I am a long time user of Apple’s Aperture and have dabbled modestly from time to time in the iPhoto pond. Like many all over the world I bought into the iPhoto 09 hype and also fell for the clever Apple marketing scheme of putting a sufficient ’salivary gap’ between the keynote and the product release.
Well I received my long anticipated copy last night and after installing it immediately got to work putting it through it’s paces.
Referencing the Aperture library
The first thing I liked was that, by disabling the iPhoto copy-to-library functionality in the preferences and then using the Aperture media browser, I was able to import around 15,000 of my picks into the iPhoto library in short order. iPhoto references the photos in the Aperture library and only makes a copy in the iPhoto library if you do any adjustments on them. A note here is that iPhoto uses the Aperture JPG preview of the photo rather than the original which makes it blisteringly fast and is sufficient provided you have your Aperture previews set to a sufficient size; for what I would want to do with iPhoto (email, face tagging and the odd Facebook post) anything over 1000 pixels on the long edge is fine. If your Aperture previews are too small you will need to reset their size in Aperture preferences and rebuild them. I kept a healthy watch on my hard drive space during the import and was very pleased to see that iPhoto, used in this referenced way, was quite light on my precious free space.
This is the wow feature for me and the only one I hope Apple ports to Aperture pronto. Click on a couple of faces and tell iPhoto who they are and iPhoto starts showing you photos in which they appear; As you keep confirming, iPhoto keeps learning. What really impressed me was that as I was selecting progressively earlier pictures of my son it kept recognising earlier and earlier photos of him which meant I was able to tag 8 years of photos of him in relatively short order; iPhoto essentially learned ‘how’ he was getting younger back through the years.
In Aperture I would like to see this feature integrate with keywords better and leverage off all the people I’ve key-worded in my main Aperture library – used in combination with existing tags or metadata, facial recognition would be a potent feature.
Geo-tagging Location information (Places)
I was very disappointed with the geotagging option in iPhoto. I am a bit of a location nut and love embedding location data in my photos. I use a GPS logger when I am out in the field and embed the co-ordinates into my photos in a batch process on import but I still have a good few years of photos which have no location data and I was hoping this would be the answer.
Sadly it is not. The iPhoto video makes it look to easy but in my experience I found the process of clicking the photo, searching for the location, wading through all the business listings from Google, dropping the pin, naming the location and saving the data to be too much of a hassle.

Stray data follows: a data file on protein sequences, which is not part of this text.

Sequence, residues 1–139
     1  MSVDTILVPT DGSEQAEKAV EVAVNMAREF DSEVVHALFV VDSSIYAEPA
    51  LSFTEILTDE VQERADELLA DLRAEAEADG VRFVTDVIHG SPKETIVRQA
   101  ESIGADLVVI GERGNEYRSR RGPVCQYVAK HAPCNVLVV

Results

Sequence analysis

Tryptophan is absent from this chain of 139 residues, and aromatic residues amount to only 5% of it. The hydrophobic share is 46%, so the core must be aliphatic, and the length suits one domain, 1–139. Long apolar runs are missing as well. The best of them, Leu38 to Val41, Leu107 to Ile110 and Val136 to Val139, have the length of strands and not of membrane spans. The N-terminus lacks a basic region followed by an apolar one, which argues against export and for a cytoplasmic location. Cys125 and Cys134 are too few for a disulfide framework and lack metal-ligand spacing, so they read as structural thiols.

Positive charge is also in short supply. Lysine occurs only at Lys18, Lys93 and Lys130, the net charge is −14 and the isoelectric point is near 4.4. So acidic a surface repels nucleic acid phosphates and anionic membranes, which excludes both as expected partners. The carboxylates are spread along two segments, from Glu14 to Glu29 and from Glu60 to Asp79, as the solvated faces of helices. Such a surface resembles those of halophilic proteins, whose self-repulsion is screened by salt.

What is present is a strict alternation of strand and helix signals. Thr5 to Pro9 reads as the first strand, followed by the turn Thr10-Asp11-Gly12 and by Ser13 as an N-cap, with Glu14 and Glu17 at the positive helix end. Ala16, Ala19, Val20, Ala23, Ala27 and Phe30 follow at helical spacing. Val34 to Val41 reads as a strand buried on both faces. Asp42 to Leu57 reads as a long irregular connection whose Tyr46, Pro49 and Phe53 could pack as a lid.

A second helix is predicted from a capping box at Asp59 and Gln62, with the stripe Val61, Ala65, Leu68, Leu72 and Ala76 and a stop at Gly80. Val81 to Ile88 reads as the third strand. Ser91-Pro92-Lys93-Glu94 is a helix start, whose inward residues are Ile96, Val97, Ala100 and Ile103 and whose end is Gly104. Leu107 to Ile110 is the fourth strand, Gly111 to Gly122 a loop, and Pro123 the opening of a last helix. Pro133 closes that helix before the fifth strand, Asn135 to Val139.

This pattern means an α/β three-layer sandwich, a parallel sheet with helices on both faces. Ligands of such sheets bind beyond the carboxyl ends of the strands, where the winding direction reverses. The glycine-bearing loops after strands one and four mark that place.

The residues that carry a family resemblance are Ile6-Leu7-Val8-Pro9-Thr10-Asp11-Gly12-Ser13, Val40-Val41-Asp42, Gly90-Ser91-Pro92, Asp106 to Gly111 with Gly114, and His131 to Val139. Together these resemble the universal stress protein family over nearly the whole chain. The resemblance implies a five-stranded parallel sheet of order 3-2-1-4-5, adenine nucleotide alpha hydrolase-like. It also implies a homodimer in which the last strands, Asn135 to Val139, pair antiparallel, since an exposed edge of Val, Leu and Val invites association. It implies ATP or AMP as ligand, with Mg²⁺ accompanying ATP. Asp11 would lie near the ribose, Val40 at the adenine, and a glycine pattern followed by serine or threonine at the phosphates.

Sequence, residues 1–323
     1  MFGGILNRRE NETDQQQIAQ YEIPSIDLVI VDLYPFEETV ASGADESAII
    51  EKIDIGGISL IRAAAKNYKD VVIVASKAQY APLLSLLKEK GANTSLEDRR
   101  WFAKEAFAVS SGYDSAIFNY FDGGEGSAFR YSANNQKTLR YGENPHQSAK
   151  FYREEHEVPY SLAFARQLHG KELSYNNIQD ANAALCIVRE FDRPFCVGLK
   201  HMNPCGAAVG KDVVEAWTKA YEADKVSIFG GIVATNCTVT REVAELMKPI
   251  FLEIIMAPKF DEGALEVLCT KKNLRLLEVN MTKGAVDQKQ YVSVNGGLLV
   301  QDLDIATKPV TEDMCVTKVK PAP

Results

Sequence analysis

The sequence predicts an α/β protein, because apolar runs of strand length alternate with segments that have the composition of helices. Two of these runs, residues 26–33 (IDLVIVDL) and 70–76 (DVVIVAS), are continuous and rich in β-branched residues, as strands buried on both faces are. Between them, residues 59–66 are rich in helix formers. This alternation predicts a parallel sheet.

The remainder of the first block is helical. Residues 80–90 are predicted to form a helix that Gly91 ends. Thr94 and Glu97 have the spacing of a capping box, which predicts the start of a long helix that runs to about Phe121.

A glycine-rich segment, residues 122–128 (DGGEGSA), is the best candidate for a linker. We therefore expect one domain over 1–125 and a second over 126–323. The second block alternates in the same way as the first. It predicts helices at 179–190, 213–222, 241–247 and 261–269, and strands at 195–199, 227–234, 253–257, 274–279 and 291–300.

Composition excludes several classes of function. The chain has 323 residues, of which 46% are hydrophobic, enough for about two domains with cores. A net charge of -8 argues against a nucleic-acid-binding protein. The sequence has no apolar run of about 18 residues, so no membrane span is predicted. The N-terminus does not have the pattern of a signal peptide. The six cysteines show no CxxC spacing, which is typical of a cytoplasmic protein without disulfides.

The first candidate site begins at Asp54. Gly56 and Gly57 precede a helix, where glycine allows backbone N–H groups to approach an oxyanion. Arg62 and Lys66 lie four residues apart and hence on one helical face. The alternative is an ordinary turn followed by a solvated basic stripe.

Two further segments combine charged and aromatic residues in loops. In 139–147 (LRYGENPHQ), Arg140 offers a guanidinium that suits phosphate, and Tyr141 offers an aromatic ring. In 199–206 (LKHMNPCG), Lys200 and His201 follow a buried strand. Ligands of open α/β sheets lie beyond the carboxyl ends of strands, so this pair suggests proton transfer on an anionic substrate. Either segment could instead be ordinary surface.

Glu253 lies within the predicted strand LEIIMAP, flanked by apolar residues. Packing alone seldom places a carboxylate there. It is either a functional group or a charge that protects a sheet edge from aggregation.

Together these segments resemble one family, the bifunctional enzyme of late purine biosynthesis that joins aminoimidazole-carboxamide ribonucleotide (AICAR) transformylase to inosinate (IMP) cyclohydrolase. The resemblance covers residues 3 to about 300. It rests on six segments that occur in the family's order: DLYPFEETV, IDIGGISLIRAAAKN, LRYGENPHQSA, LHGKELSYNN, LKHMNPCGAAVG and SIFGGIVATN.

I see no significant advantage over better programs such as the Aperture ‘Maperture’ plugin.
Flickr and Facebook Integration
These are in iPhoto for the consumer market. I have similar plugins in Aperture which actually do a far better job and hook me into Facebook, Flickr, iStockPhoto, Smugmug and a heap of other online systems. Apple would be really stupid to include these as a built-in option in Aperture. I believe that a baked in solution here is silly, iPhoto should have rather leveraged off the development which has been done in the Aperture plugin space to integrate with already existing 3rd party plugins.
I like iPhoto 09 and in combination with the other iLife enhancements it is a good upgrade. The facial recognition is the only thing I’d want to see make it (in it’s current incarnation) into Aperture and only if it can leverage off all the hard work I’ve put into my tagging and metadata already. I wasn’t blown away by iPhoto 09 and it certainly (for me) didn’t live up to all the upgrade hype.
iPhoto 09 makes better use of my system resources and seems a bit snappier in some areas. Its integration with Aperture was a pleasant surprise and there are a few new adjustment tools thrown in for general photo touchups. There were a number of annoyances though – poor geotagging, the way the recommended faces move around as it prompts you for other faces which might match (which meant I was accidentally rejecting photos which weren’t under the mouse cursor a second ago) and a couple of performance slow downs due to the load iPhoto was under.
This is a good consumer level photo management upgrade to the previous version and a worthy contender to other applications like Picasa. I am endlessly amused by the number of posts I see on the web by people trying to decide between iPhoto and Aperture (or Lightroom); my advice in this regard is ‘if you are asking the difference between the two then stick with iPhoto’. New users who want an easy way to manage and share their photos – stick with iPhoto. Any serious photographer who needs the heavy lifting in the adjustment and workflow department then Aperture is your baby.
Now that I’ve played with it a bit (and because I am an Aperture user) I probably won’t use it again; other members of my family who aren’t power-users will love it because it makes general purpose photo management easy and fun. From that point of view it scores a resounding 5/5.
As a final note, contrary to the general consensus, I am pleased these new features came out in the consumer product first – that way I can feedback to Apple as to what I would like to see in their pro-level software rather than the other way around. ‘Yes’ to facial recognition and a definitive ‘NO’ to everything else.